This issue has serious aspects, but many of us are crisis-weary and cynical enough to know that, while individuals rise and fall, the Church will continue relentlessly on its God-ordained path. This is not the crisis facing the Church in Scotland. The only commentator who has made a serious case that it is, Tom Devine, is a historian whose skills are more suited to deconstructing events well in the past as opposed to fast-moving current affairs. I do not see the evidence for dramatising it, as he has done. From the perspective of 50 years hence, this will not be viewed as a crisis. “The worst crisis since the Reformation”? The worst crisis since Bishop Roddy Wright’s illegitimate child, perhaps.

There are challenges facing the Church that could be added up to make a crisis. There is the secularisation of society, which the Church is fighting in vain. There are the declining congregations. There is the lack of vocations to the priesthood. There is the number of priests who no longer feel able to stay the course. These are the long-term trends that must be addressed.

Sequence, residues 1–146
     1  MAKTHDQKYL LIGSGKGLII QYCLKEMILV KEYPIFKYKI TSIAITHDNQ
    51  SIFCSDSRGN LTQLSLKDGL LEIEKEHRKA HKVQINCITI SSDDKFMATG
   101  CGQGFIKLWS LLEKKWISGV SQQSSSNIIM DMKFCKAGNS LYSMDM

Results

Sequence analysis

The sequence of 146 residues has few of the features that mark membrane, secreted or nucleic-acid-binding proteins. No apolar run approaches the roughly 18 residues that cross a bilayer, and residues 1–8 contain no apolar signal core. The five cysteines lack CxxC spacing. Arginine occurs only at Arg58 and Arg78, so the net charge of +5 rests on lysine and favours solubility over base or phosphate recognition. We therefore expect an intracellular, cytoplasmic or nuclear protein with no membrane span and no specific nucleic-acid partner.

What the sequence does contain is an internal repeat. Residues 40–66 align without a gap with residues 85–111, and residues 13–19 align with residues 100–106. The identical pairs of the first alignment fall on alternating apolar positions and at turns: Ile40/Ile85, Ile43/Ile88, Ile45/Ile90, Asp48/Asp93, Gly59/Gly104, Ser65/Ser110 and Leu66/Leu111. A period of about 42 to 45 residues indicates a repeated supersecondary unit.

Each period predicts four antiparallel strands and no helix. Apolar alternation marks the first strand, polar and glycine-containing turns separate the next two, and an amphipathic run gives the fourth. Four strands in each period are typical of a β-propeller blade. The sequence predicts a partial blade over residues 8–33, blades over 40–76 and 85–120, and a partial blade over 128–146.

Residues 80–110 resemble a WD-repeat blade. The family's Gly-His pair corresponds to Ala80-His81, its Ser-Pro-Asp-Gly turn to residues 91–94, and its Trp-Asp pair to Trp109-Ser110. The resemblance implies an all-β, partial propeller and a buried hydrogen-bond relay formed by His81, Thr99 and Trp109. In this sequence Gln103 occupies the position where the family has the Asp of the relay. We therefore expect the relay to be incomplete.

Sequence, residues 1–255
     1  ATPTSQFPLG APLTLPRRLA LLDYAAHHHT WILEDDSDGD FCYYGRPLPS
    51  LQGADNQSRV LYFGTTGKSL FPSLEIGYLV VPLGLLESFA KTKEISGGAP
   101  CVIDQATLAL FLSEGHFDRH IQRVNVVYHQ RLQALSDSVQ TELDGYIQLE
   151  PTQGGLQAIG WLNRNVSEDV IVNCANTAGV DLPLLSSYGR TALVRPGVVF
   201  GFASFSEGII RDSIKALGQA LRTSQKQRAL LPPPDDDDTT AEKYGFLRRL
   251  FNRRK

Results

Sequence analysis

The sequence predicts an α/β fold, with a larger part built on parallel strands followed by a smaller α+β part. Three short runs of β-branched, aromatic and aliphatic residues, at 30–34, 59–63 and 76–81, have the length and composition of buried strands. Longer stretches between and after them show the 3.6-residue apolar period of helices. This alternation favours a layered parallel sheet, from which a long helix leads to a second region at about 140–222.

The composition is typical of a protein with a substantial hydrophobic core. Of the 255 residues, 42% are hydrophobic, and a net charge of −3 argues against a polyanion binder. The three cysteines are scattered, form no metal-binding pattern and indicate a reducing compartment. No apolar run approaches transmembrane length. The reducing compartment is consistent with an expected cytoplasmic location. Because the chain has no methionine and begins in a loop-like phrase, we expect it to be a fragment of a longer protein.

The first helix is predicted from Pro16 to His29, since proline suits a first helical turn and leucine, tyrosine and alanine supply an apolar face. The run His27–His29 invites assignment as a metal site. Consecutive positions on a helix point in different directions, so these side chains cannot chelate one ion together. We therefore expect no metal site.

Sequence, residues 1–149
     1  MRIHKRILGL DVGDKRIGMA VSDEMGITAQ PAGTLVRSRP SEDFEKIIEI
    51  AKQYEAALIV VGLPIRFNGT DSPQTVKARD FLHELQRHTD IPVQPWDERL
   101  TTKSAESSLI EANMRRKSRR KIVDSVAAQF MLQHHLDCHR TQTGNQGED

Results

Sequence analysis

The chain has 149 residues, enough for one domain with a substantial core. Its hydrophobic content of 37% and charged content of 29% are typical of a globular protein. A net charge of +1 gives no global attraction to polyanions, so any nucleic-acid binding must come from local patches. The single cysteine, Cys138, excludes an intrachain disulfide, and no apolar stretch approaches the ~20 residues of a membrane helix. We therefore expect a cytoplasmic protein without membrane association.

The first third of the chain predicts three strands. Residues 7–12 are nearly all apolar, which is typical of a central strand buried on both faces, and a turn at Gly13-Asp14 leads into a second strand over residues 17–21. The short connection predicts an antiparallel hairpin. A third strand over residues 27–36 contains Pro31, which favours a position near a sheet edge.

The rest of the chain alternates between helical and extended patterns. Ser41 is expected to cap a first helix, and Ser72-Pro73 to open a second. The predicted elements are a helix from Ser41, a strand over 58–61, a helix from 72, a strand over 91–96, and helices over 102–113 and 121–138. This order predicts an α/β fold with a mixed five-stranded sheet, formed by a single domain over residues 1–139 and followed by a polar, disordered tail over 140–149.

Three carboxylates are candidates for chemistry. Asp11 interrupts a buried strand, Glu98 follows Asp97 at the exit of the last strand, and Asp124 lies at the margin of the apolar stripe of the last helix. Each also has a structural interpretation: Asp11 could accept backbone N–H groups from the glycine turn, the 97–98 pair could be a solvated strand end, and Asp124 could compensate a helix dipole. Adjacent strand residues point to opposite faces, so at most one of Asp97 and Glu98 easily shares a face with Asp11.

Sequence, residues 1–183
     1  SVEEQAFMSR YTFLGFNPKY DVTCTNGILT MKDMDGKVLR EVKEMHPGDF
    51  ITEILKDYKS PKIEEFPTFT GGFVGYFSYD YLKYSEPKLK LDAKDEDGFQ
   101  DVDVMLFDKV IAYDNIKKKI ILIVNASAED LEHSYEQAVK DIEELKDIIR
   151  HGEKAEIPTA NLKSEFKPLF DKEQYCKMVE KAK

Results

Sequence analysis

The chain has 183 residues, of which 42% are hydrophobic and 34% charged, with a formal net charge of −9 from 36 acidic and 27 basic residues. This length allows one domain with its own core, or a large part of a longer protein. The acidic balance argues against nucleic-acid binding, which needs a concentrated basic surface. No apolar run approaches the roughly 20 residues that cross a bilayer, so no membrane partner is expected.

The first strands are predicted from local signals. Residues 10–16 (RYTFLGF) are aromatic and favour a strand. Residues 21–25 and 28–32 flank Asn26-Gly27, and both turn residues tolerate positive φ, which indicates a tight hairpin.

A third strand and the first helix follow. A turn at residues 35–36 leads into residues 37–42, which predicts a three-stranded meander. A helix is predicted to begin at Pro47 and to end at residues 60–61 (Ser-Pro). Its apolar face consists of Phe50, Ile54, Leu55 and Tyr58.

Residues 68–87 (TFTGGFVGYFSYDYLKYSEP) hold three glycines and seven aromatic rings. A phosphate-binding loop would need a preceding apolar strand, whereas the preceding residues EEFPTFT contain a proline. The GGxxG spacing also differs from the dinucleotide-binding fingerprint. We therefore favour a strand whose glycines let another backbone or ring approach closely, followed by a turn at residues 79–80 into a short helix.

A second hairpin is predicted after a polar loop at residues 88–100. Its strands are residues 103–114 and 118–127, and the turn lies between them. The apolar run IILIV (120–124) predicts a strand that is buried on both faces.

To do that, the Church in Scotland needs the strong leadership that it has long lacked. To supply this would require an unprecedented and controversial decision. Given the diminishing number of priests, the pool of talent for high office is too shallow. A new team of leaders must be imported. The Church is universal, so the world is its oyster as far as recruitment is concerned. Fundamental administrative reform is necessary. The selection process for candidates for the priesthood both here and in other parts of the world has clearly failed to weed out unsuitable candidates. That and the processes for promotion must be reviewed. Openness must be the watchword. There are probably too many dioceses, certainly too many parishes.